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Unit-03 Powder Metallurgy

Subject: MEC 230-ManufacturingTechnology-I


Class: 4th Sem B.Tech-Mech c
3/23/2015

Powder Metallurgy- Introduction


Powder metallurgy is the process of blending fine powdered

materials, pressing them into a desired shape or form (compacting),


and then heating the compressed material in a controlled atmosphere to
bond the material (Sintering).

Powder metallurgy- Introduction


Powder metallurgy are used when large amounts of small, intricate
parts with high precision are required Little material waste and
unusual mixtures can be utilized.
Used for parts in the
- Automotive industry
- Household appliances
- Aerospace industry
- Electronic industry etc.,

Why PM is important?

PM parts can be mass produced to net shape or near net shape, eliminating
or reducing the need for subsequent machining.

PM process wastes very little material - about 97% of the starting powders
are converted to product.

Certain metals that are difficult to fabricate by other methods can be


shaped by powder metallurgy.

Example: Tungsten filaments for incandescent lamp bulbs are


made by PM

Why PM is important?

Certain alloy combinations and cermets made by PM cannot be produced


in other ways.

PM compares favorably to most casting processes in dimensional control.

PM production methods can be automated for economical production.

When to use Powder metallurgy?


Too hard to machine (Cutting tools, cutting inserts made up of cemented
carbides, diamond, etc.,)
Used when melting point is too high

Very large quantity


Good dimensional accuracy and surface finish
Near net shaped component

Powder Metallurgy Products


Cutting tools (Hard metals, Diamond containing materials)

Powder Metallurgy Products


Abrasives (Grinding and Polishing wheels and Discs)
Electrical, Electronic and Computer parts (Permanent
magnets, Electrical contacts).

Powder Metallurgy Products


Automotive parts (Brake pads, Gear parts, Connecting rods,
Planetary carriers, Sintered Engine Bearings)

Automotive Components

Powdered Metal Transmission Gear

Connecting Rods:
Forged on left; P/M on
right

Powder Metallurgy Products


Aerospace (Light weight Aluminum base structural materials,
High temperature Composite materials)

Medical Applications

Surgical instruments Dental implants

Advantages of PM
Components can be produced with good surface finish and close tolerance.

High production rates.


Complex shapes can be produced.
Elimination or reduction of machining
Impossible parts (cutting tool bits) can be produced.
The greatest advantage of this process is the control of the composition of

the product
Wide variation in composition
Scrap is eliminated or reduced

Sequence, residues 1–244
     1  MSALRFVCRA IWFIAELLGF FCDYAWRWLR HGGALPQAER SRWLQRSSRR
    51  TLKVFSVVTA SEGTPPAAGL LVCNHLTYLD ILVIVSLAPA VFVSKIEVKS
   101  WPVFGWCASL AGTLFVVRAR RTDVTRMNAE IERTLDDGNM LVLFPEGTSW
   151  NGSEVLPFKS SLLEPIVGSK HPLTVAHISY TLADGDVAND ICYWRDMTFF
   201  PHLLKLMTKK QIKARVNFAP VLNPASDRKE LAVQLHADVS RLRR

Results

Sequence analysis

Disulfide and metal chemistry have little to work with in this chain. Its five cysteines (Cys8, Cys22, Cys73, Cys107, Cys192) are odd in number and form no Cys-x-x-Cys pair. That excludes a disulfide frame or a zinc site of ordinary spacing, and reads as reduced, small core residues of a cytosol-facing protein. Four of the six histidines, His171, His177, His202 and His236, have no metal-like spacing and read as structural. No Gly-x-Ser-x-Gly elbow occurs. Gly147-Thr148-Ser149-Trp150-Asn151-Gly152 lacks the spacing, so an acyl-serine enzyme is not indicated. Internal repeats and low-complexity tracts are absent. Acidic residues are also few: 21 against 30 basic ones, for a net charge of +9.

Disadvantages of PM
The metal powders and the equipment used are very costly
Parts manufactured by this process have poor ductility
Sintering of low melting point powders like lead, zinc, tin etc. offer serious

difficulties
Storing of powders offer great difficulties because of possibility of fire and
explosion hazards

Basic process of PM
Five basic steps
1. Powder manufacture
2. Mixing or blending
3. Compacting
4. Sintering
5. Finishing

Basic process of PM

Conventional powder metallurgy production sequence: (1) blending, (2) compacting, and
(3) sintering; (a) shows the condition of the particles while (b) shows the operation
and/or workpart during the sequence.

Characteristics of metal powder


Properties of powder metallurgy products are highly dependent on
the characteristics of starting powders
Some important properties and characteristics
Particle shape

Particle size
Particle size distribution

Flow rate
Compressibility
Purity

Particle Shape

Production of Metallic Powders


The principal methods by which metallic powders are
commercially produced

Atomization (by gas, water, also centrifugal one)


Electrolysis deposition

Crushing and milling


Machining
Shotting
Condensation
Reduction

Production of metallic powder


Atomization:
This

method

involves

the

conversion of molten metal into a


spray of droplets that solidify into
powders.
It is the most versatile and popular
method

for

producing

metal

powders today, applicable to almost


all metals, alloys as well as pure
metals.

Water Atomization method

Production of metallic powder

Gas Atomization method

Centrifugal Atomization method

Methods of producing metal powders

Powder Production: Machining and Grinding.


Machining has been used to produce coarse magnesium powder
Milling and grinding processes utilize various types of rotary mills,
stamping mills, crushers, and grinders, break down brittle metals
into powders of almost any fineness but of irregular shaped particles

Particle Size Reduction by Jar


Milling-Schematic

Powder Production: Electrolysis